Clarke County’s Joint Administrative Services committee delivered tangible proof yesterday of its willingness to support competitive salaries for future teachers and other new employees in the face of continuing budget erosion from Richmond. The decision helps Clarke County’s employee benefit package remain competitive as jurisdictions across Virginia react to state budget reductions for employee benefits and retirement. Given the opportunity to pass the buck to Richmond on budget shortfalls, Supervisor Chairman Michael Hobert (Berryville) and School Board Chairman Robina Bouffault (White Post) instead opted to take contol of the issue by filling the employee benefit funding gap for future Clarke County teachers and staff with local dollars.
Using legislative tactics designed to shift public ire from Richmond to local governments, the 2010 General Assembly decided to withdraw its contribution to the Virginia Retirement Service (VRS) accounts for employees hired after July 1st, 2010. The 5% contribution reduction, along with increased service requirements necessary for retirement, are designed to strengthen the VRS system after a 2009 stock market collapse that sent many pension funds and Virginia’s tax revenues tumbling.
Under the revised program Richmond will withdraw its monetary contribution for new employees while delegating the option to local governments to make up the difference using local money. Current employee retirement benefits will not be affected by the changes.
While many state governments are struggling to restore pension funds to financial stability, fiscal changes to the Virginia Retirement System were considered too politically sensitive to address as general elections approached last spring. Instead of providing legislative leadership by fixing the VRS issue on a state-wide basis, the General Assembly opted instead to push the fiscal problem out to local governments. The move creates a new fiscal landscape where employee benefit contributions will vary between jurisdictions.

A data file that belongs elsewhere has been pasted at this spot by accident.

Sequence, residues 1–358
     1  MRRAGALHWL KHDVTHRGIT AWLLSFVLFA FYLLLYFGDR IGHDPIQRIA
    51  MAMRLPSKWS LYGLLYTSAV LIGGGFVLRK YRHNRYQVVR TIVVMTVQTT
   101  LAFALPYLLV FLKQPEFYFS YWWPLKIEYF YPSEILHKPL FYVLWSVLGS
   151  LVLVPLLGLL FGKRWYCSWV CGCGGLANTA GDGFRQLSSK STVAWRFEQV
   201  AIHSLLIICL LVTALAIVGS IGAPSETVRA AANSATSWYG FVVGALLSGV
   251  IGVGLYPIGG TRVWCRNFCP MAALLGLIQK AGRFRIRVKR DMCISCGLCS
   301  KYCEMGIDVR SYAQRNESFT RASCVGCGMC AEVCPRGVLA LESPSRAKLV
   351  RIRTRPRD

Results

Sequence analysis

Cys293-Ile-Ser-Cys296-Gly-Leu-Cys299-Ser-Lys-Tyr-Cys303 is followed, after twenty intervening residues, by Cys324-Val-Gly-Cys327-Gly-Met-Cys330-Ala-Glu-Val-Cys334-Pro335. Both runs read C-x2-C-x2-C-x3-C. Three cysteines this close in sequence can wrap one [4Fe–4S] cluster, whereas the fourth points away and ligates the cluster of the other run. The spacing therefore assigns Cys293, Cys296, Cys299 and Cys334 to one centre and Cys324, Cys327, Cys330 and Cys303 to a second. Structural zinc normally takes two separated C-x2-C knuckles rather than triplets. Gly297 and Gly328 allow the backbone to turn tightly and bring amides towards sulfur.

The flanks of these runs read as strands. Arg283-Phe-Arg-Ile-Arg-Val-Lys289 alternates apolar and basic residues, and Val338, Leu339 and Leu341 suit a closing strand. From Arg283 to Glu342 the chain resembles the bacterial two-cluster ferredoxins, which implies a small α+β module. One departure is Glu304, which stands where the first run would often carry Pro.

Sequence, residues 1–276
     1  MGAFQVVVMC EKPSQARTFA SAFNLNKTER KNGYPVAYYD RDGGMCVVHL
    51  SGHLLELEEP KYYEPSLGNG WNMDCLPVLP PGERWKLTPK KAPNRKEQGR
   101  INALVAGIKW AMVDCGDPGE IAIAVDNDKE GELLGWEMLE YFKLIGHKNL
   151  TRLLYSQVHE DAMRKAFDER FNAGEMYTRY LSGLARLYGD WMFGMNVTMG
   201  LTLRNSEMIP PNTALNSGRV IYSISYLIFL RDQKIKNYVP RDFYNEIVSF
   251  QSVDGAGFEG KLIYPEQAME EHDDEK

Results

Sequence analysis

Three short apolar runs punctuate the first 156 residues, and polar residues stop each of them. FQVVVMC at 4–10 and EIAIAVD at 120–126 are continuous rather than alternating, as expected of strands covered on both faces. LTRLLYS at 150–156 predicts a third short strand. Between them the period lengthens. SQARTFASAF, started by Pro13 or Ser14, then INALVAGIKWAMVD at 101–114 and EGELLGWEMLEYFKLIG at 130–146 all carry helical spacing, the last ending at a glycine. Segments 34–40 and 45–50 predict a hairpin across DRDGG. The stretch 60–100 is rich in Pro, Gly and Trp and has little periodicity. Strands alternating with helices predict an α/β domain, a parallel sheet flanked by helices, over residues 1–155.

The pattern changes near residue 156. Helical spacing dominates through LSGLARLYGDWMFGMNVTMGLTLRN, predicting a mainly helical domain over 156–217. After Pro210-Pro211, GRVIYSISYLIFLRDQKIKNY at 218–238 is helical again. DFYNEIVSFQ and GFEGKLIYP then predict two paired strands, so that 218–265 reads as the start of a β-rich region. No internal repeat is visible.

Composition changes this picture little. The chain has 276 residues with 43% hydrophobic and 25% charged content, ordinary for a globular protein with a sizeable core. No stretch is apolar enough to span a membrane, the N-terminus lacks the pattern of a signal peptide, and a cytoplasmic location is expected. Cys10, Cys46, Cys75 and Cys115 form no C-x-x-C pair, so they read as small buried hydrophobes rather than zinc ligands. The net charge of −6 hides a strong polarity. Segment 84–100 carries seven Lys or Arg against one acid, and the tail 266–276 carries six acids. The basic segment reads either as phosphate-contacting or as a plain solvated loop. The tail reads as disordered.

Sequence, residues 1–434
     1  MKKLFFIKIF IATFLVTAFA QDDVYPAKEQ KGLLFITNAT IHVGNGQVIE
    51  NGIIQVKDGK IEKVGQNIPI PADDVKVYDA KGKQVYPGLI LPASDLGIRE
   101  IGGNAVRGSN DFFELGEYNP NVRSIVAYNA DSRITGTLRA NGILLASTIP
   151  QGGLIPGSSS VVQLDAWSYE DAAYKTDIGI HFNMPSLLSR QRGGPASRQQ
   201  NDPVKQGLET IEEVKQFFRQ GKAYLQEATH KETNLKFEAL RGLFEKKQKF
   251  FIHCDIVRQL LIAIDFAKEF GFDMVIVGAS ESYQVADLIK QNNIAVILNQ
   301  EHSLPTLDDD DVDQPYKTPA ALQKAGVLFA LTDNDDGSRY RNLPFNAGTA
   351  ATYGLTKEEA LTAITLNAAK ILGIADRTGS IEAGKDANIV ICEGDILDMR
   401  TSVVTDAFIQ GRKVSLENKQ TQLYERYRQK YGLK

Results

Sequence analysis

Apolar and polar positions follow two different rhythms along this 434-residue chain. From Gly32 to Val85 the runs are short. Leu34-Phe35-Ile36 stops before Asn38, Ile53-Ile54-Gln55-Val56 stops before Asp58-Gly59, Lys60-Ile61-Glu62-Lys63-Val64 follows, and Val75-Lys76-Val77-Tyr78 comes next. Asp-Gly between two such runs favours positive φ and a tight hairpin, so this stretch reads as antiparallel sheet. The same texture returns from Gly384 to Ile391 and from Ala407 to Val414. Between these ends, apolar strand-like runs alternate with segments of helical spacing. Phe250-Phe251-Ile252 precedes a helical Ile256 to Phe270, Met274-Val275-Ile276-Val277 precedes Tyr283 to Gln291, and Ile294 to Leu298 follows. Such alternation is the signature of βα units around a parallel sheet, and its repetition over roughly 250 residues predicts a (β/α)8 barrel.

School Board Superintendent Dr. Michael Murphy characterized the new approach as an attempt by the state to force localities to decide how employees should be compensated. “The worst part of this mess is that the state has gouged the VRS. The General Assembly, to a great degree, has balanced the budget with its retirement plan.”
Murphy’s inclination appears to be supported by the practical results of the General Assembly’s decision. According to a current poll being conducted by the Virginia School Board Association, 68 out of 80 Virginia school districts say that they do not intend to pass the prior State-funded cost of VRS along to employees in the coming year.
Supervisor Hobert probed the fiscal impacts, both on employees and County finances, of the State’s benefit contribution reduction throughout yesterday’s two-hour meeting. In response to Hobert’s questioning, Joint Administrative Services Director Tom Judge said that ultimately the decision to make up the benefit contribution using local budget money is driven by what other local jurisdictions are offering. “The General Assembly has created local competition for new employees where it may come down to benefits versus salary.”
School Board Chairman Bouffault endorsed Judge’s observation saying that competitive factors in recruiting quality teaching staff are intense despite weaknesses in some sectors of the labor market. “The school division is seeing huge competition for professional staff” Bouffault said. “I think that the best idea is to keep paying the VRS premium as we have been and keep base salaries the same. My recommendation is to continue the five percent VRS contribution.”
After full consideration the committee recommended that the County’s respective boards and employers extend the five percent retirement benefit to new employees despite reductions in financial support from Richmond.
The Clarke County Joint Administrative Services division provides finance, purchasing and risk management services to Clarke County General Government and Clarke County Public Schools.